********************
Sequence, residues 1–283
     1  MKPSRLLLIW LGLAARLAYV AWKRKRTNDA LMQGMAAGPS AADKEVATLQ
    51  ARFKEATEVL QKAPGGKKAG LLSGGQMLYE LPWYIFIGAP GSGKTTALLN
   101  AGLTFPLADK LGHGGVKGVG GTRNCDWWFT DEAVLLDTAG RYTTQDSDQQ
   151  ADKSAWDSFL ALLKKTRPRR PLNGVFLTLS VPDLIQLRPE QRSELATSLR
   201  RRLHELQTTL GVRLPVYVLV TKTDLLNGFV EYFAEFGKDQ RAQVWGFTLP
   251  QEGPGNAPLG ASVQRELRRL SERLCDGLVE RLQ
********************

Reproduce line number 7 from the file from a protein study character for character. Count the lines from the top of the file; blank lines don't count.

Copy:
   251  QEGPGNAPLG ASVQRELRRL SERLCDGLVE RLQ